Computational states may be not only discrete, but also continuous, which leads to a notion of “hybrid automaton”.

In the considered technology the main attention is paid to control states, which are detached and listed explicitly, while computational states are usually described inside output actions. That is why by “state” here a control state is meant.

The number of states in automaton is defined by a number of control states in automated object. For example, a valve control object can be in four different states (closed, opening, open and closing). Here it is natural for automaton, which controls a valve, to have four states also, each supporting control object in corresponding state. Input actions transfer automaton from state to state and output actions move valve into corresponding state.

If different states of control object can be supported by the same state of automaton, the number of automaton states can be reduced. For example, a valve can have control objects with memory that hold its open and closed states in absence of control signals. Therefore, the automaton that controls valve can have not four but three states. In general, control device can have fewer states that its control object.

Within software implementation of automata it is unreasonable to minimize the number of states, because it can destroy an “image” of transition graph in developer’s mind, while no essential improvement of automaton is introduced.

Explicit state detachment allows one to provide "stability" of programs.

State encoding

States are encoded to be distinguishable. It is especially important when there are same output actions generated in different states. There are several kinds of state encoding, but the main is multivalued encoding, when a single variable is used to encode all states. The number of variable’s values coincides with the number of states, a distinct number should be assigned to each state. State encoding allows giving up flags that perform the same function implicitly.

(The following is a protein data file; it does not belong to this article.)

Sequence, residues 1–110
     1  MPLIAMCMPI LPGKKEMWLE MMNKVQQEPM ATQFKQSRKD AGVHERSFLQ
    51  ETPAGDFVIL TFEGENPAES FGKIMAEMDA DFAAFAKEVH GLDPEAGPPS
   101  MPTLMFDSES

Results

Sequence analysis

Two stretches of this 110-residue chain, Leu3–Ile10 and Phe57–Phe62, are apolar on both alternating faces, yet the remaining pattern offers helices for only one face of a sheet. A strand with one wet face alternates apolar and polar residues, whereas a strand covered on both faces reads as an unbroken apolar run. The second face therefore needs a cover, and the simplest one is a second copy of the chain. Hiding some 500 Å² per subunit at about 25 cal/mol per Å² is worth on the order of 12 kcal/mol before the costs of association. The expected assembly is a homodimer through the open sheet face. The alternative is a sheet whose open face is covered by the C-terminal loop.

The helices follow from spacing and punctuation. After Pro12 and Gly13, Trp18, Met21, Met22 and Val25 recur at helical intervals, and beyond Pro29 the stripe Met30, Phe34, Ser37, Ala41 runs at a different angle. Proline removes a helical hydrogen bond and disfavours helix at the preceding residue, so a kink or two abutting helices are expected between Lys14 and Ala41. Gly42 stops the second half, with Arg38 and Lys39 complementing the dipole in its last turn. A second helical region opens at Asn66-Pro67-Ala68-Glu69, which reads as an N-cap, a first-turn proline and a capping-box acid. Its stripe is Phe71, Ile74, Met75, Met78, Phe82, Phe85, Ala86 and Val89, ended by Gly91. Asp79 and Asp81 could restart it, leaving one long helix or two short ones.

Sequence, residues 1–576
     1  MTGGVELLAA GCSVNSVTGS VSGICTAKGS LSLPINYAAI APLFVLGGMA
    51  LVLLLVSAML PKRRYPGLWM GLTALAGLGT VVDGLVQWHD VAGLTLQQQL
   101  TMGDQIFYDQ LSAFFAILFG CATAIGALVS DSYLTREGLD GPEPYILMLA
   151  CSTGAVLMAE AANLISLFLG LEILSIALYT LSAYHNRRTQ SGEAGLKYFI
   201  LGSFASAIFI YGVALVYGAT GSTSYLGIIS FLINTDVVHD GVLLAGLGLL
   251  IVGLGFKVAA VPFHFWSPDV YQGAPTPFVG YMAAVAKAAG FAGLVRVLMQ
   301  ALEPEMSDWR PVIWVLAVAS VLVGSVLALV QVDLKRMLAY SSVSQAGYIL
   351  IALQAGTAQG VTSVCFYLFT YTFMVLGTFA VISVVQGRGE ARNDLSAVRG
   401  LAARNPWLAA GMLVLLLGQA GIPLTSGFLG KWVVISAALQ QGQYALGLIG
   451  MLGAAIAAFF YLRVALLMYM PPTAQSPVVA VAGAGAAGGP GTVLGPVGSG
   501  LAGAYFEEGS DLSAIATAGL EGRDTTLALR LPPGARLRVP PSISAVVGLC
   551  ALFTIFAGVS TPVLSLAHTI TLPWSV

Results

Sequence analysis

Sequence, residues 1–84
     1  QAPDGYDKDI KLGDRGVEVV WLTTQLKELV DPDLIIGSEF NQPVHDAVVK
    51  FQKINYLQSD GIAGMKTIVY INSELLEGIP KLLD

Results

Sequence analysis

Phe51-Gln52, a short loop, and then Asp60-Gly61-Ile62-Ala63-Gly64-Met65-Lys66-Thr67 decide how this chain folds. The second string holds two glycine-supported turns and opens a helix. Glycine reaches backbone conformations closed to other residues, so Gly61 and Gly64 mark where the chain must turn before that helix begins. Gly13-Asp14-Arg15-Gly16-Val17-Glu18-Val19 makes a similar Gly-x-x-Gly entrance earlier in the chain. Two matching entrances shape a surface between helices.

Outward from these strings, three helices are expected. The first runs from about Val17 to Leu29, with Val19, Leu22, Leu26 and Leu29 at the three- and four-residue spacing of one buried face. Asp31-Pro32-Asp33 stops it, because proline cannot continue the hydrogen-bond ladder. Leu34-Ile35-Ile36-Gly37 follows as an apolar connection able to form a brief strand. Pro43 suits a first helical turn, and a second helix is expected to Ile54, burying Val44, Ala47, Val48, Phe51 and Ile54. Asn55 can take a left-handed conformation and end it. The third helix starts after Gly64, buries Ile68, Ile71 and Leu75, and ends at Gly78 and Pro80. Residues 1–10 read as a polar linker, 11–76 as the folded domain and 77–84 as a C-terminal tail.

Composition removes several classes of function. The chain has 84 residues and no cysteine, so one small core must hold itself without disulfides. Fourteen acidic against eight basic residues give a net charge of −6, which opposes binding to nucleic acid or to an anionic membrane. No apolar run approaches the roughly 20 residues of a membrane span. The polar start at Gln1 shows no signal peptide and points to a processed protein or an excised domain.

Ability to watch automaton’s state with the help of a single multivalued variable allows introducing a notion of “observability” in programming (by analogy with control theory).

Communication diagram

Communication diagram is the main document that defines program structure (as in automation of technological and other processes). It contains sources of input actions (events and input variables), control system (a system of interacting automata) and control objects that implement output actions and form specific input actions, which are feedback loops.

Input actions make automata perform transitions between states that are explicitly detached and form output actions in states and/or on transitions, which are implemented in control objects. Such a view on programming is natural for control problems of different levels.

Control objects may be real, including physical models, and virtual, implemented in software. In later case they can be implemented with the help of Switch-technology.

Transition graphs

Automata behavior is defined with the help of transition graphs (state diagrams), where input and output actions are denoted with symbols for compactness and words are used only to label numerated states. Symbol decoding is reflected in communication diagram. Usage of symbols allows depicting complex transition graphs in a very compact form, so that human in most cases is able to seize each of them at a single glance. This is an essential prerequisite for providing cognitive perception of mentioned graphs.

Transition graphs reflect in a way, obvious for human, transitions between states and "binding" of output actions to the states and/or transitions.

To simplify transition graph picture it is possible to use composite states, which are applied in a case, when several states have similar outgoing transition arcs.

When program behavior is defined with a transition graph, it is possible to check its correctness, e.g., completeness, consistency and absence of generative circuits.

When program is built after such transition graph, symbols should also be used in it instead of semantic identifiers that are used in other programming styles. This is because the source code in suggested technology is built formally and isomorphically after transition graphs and all changes are done not directly to the source code, but to the transition graph and communication diagram. This allows keeping consistency of source code and documentation.